What Payment Gateways do Companies Like Airbnb and Uber Use?

“What payment system does Airbnb use?”, “Who is the payment gateway and processor behind Uber?”, “What payment processor/gateway do big websites use like Uber, Airbnb, Lyft, Reddit, LinkedIn, etc?”

These are the typical questions, which are asked by many people on a regular basis. Most probably, you can find accurate answers to these and similar questions only if you consult the management of the aforementioned companies. We do not know the managers of these companies and, consequently, the answers to the listed questions. However, we feel that people, asking such questions, just want to implement payment processing logic, similar to the logic used by Airbnb and Uber, in their applications. In this article we will try to explain the essence of this logic, and provide guidelines for those, who search for similar solutions.

So, what is the common feature, which unites Airbnb, Uber, and other similar companies, emerging with every coming day?

Airbnb is a marketplace for accommodation rental, while Uber is a marketplace for transportation services. Vacation rental and online transportation networks are not the only business types. If we set company names aside, we can see that the common feature is an online marketplace business model. A marketplace is an online setting, where various small-size vendors offer their products and services to various customers. In cases of Airbnb and Uber these vendors are either individuals or small businesses, providing services to other individuals and small businesses.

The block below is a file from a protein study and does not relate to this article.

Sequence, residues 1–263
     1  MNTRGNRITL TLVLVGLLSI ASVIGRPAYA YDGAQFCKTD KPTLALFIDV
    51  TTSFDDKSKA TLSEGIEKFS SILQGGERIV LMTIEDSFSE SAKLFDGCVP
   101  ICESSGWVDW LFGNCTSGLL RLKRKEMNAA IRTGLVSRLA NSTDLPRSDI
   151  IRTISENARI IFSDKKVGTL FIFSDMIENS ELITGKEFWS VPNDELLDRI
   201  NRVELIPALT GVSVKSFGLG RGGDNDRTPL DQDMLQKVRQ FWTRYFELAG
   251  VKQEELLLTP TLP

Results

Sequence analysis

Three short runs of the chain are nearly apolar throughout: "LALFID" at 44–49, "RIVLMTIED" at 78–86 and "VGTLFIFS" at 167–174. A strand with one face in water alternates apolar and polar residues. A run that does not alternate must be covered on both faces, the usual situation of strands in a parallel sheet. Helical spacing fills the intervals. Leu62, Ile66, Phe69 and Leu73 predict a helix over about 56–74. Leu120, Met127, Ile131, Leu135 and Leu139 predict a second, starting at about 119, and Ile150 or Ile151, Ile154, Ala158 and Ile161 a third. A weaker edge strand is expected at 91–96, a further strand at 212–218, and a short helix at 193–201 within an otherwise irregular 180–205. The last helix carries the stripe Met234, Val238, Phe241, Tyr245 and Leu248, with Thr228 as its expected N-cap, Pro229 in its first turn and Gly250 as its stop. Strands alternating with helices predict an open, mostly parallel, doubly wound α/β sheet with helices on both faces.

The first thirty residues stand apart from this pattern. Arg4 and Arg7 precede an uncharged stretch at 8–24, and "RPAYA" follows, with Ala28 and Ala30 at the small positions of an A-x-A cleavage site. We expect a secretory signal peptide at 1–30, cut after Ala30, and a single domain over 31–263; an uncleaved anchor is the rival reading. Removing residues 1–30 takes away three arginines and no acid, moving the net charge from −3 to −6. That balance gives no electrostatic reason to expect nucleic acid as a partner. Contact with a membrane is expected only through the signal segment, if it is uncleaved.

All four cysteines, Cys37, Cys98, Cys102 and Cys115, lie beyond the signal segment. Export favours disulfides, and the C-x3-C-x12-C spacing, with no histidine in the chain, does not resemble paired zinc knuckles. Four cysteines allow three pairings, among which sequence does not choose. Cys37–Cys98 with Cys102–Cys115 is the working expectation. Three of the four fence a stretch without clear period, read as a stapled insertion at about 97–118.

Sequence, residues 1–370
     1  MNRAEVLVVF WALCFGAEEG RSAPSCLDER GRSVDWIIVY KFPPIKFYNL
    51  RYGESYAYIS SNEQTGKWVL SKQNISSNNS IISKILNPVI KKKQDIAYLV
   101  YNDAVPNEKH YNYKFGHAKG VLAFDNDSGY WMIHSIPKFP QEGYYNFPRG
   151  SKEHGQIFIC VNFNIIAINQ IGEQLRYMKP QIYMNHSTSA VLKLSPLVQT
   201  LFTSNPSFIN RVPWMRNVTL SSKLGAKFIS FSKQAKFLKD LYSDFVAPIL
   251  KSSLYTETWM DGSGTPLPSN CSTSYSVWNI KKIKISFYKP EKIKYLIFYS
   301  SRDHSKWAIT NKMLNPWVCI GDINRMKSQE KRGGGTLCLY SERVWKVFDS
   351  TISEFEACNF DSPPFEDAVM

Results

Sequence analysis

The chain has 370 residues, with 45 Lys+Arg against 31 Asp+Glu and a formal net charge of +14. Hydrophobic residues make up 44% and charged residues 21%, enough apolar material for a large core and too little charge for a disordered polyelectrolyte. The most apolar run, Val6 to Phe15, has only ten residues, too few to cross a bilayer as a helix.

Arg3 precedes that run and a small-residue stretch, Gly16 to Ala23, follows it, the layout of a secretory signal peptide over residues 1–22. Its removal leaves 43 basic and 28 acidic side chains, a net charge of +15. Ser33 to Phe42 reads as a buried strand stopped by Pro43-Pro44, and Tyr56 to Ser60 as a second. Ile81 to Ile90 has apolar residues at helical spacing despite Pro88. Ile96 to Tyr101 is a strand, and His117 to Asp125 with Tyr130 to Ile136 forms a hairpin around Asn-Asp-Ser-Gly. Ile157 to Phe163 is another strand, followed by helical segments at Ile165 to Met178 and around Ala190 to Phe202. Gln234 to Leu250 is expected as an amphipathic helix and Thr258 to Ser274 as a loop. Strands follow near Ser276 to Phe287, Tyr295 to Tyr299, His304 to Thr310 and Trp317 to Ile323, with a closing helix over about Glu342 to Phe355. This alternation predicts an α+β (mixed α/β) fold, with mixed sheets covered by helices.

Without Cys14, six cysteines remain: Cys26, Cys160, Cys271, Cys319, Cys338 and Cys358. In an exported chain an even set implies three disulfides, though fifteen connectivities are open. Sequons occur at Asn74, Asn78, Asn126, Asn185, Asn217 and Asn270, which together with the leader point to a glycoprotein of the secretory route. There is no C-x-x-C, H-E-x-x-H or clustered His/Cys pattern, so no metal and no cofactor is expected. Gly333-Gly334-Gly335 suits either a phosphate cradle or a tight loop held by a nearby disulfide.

Online marketplaces, generally, face a challenge when it comes to payment processing. When a customer makes a purchase the payment amount should, generally, be split between multiple parties. For instance, in the case of Uber, some part of the amount should be retained by the corporate office, providing the software product, while another part should go to the driver. The case of Airbnb is conceptually the same. In some other cases, the number of recipients may be larger. For example, tomorrow Airbnb may allow cleaning companies to register on the web-site and provide their services to accommodation owners. As a result, during each rental, the payment will include Airbnb’s share (payment for web-site/online marketplace operation), the accommodation owner’s share, and the cleaning company’s share. Moreover, some part of the payment may represent taxes. Distribution of such payments is a serious challenge. Making separate charges for each recipient from the customer’s card is undesirable.